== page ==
Use Python To Scrape & Visualize Likes On Your LinkedIn Posts
Blog: Think Data Analytics Blog
LinkedIn doesn’t offer content analytics other than for each individual post separately. What if I want to see performance of my posts (likes, views, comments) over the past month? I wrote a program in Python that would visualize whether the number of likes went up or down over the past year for me, and here is what I got:
Below is the video showcasing what the program does in general. Those of you who wish to jump right to the Python script, please see this repository on my GitHub while beginners may read this article for a step-by-step guide.
Can I scrape and visualize content performance on my own?
Although I share this program with the community, unfortunately, this is simply a piece of code that you cannot run without a programming environment BUT you can message me on LinkedIn and I will send you your results.
List of Techniques Utilized:
Selenium to navigate to your LinkedIn
Selenium is a portable framework for testing web applications by multiple programming languages, including Python. Practically for us, it is a Python library that contains methods that allow to navigate through Google Chrome and other browsers (Note: I used Chrome). What Selenium also allows you to do is to simulate scrolling down the page. We need that to get information on more than just the last 5 posts.
Beautiful Soup to scrape HTML contents & collect data
Beautiful Soup is a Python library for pulling data out of HTML and XML files.
Open your LinkedIn and make a right click on any of the page elements. Then, click “Inspect”. You will see the HTML contents of the webpage. Those contents (tags) contain information about likes, views, and comments for each post.
Here is an example of what we are looking for (likes):
There is a way to automate the collection of such data, thanks to Beautiful Soup. We specify the tags that correspond to either likes, views, or comment containers of the HTML “soup” and we pull those pieces of HTML. But that’s not it.
We need to recognize the right numbers. For example, we need to recognize not only ‘643’ likes within the html soup contents, but also ‘1,643’. Comma is a problem here. We need to pull even numbers with commas and then take the comma out and save the number as an integer. Regular Expressions to the rescue:
Let’s say you normally receive, on average, 20 likes per post. One time, you got 1000 likes. If we keep this data point with the 1000 likes, our final graph will look ugly and the general trend will be affected by this random success. What we need is a stable trend that we can then analyze with a graph. We define an outlier as a a data point that is 3 standard deviations away from the mean (average) value.
So we get rid of the outliers for each list: likes, views, and comments. Then, we replace each outlier with a median value (because median is less impacted by the outliers) of the entire list. The code looks like this:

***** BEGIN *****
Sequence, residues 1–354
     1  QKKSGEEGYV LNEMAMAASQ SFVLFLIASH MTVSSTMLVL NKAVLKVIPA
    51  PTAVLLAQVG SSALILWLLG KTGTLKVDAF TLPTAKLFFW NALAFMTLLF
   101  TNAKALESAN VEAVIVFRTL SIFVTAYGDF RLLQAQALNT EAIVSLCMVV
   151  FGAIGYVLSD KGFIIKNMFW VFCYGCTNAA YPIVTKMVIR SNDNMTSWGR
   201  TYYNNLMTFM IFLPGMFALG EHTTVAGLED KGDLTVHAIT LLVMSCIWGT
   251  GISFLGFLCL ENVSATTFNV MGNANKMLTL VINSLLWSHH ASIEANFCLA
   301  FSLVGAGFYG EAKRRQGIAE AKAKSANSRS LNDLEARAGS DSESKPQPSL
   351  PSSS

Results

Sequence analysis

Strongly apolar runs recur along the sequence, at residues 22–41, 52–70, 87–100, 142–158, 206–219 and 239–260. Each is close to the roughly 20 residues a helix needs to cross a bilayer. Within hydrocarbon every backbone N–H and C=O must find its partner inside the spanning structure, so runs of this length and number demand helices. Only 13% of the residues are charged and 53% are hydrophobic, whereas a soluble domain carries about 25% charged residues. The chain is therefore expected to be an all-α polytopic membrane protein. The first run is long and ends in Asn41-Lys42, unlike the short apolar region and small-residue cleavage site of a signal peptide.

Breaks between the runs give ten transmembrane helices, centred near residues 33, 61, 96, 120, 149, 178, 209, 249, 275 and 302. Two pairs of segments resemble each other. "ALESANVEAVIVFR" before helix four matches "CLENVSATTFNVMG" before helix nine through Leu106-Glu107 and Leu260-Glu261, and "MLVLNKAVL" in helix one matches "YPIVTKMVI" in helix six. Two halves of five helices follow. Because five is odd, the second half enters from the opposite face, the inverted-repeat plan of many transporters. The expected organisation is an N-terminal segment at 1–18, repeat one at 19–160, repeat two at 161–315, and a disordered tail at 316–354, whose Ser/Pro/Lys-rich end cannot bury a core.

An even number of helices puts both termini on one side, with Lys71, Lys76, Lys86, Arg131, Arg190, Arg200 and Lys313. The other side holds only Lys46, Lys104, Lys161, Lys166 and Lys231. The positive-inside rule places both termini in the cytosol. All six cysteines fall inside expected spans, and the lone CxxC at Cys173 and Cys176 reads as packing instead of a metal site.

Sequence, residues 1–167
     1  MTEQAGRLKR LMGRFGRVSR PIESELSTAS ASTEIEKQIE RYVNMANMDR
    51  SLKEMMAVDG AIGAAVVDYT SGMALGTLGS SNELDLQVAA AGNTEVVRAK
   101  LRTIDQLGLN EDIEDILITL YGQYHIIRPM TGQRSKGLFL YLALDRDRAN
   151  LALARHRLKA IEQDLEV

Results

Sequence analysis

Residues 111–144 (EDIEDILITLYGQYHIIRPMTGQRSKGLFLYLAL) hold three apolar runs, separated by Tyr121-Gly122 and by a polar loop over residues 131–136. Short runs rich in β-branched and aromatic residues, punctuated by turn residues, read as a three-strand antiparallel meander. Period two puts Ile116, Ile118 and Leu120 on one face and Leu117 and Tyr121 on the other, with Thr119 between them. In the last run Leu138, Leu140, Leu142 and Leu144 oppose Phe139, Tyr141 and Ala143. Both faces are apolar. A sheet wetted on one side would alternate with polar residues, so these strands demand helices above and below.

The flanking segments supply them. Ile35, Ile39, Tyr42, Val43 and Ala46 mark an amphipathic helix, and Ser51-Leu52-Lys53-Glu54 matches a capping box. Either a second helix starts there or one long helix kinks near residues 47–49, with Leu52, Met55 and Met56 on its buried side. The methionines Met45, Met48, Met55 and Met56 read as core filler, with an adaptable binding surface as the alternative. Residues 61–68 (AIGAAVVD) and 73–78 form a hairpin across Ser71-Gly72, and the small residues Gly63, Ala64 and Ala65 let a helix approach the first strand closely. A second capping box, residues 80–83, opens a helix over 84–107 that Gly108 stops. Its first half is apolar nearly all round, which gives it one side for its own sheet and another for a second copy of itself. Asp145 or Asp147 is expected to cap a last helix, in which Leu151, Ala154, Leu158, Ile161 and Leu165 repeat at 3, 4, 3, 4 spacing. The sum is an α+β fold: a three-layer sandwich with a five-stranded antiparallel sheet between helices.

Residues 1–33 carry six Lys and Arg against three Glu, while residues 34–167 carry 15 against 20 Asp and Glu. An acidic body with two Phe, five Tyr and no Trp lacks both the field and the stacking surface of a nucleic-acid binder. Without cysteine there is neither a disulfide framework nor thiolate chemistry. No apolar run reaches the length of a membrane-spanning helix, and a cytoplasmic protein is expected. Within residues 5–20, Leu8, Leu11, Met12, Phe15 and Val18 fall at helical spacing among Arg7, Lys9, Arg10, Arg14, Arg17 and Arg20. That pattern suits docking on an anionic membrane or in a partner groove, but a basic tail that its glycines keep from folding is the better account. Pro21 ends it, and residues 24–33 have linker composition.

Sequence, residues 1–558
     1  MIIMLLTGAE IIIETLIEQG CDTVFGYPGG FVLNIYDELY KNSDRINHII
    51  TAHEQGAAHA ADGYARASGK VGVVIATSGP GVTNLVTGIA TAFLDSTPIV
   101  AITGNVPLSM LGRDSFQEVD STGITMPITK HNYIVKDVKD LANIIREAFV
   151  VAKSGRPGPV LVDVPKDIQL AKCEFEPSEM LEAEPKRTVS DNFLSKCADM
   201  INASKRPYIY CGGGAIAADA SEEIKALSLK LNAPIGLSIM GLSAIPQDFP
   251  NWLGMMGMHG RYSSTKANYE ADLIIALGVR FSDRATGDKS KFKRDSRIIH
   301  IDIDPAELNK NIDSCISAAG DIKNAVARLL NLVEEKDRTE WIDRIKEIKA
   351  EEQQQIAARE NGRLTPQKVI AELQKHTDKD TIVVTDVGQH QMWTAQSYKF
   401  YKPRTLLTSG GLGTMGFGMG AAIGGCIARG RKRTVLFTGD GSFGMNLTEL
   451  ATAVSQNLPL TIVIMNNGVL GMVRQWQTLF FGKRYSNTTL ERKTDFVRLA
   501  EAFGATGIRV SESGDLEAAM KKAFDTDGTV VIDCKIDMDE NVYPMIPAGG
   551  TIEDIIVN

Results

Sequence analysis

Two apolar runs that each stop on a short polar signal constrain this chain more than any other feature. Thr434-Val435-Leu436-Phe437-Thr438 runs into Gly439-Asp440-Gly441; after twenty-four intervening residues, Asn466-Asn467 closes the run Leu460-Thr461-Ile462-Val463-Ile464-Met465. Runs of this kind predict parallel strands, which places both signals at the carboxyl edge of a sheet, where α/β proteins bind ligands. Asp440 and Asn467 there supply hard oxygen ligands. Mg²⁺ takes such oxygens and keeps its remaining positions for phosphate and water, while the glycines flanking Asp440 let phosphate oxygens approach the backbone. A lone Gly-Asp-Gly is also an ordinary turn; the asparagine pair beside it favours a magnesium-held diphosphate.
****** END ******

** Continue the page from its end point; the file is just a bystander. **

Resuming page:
Visualize data and save graphs
Not only we have to visualize our data but also add a trend line (regression line) to our graphs, as well as identify whether the slope is positive or negative.
Save datasets as CVS files
For most of professional visualization projects, we need to use a separate software, such as Tableau. For that, we need to export our data in order to do work with it in Tableau.
Slope: Slope’s sign means whether your content performance is growing (positive) or negative (falling). If we are talking about views, if the slope’s value is 32.93, it means you are likely to get about 33 more views then your previous post (if the slope is positive).
Error: Here it is referring to the Normalized Root Mean Square Error or normalized deviation of the residuals, and sometimes referred to as Standard Error of the Estimate. (Note: this is not R squared.) In simple words, the larger it is the worse it is. It represents the average distance that the observed values fall from the regression line. Conveniently, it tells you how wrong the regression model is on average using the units of the response variable. Finally, it is “normalized” because NRMSE relates the RMSE to the observed range of the variable.
I personally use the statistical “rule of 30”: any dataset with less than 30 observations is not valid to derive any conclusions because it is too small. Hence, I wouldn’t use this code if I haven’t posted less than 30 posts.
For myself, I would observe that around 25 posts ago (6 months ago) I started to receive more reactions, which made my trend line clearly positive overall over the past year. A good analyst would then ask “Why is that?”. I went back 6 months in my feed. I noticed that I almost stopped making and posting videos on LinkedIn and switched to stories and plain text.
Does that mean video-posts perform worse on LinkedIn. No. In order to find an explanation, I would have to conduct another data collection in order to conclude if there is dependence of one variable (likes/views) on another (format). And that’s another story.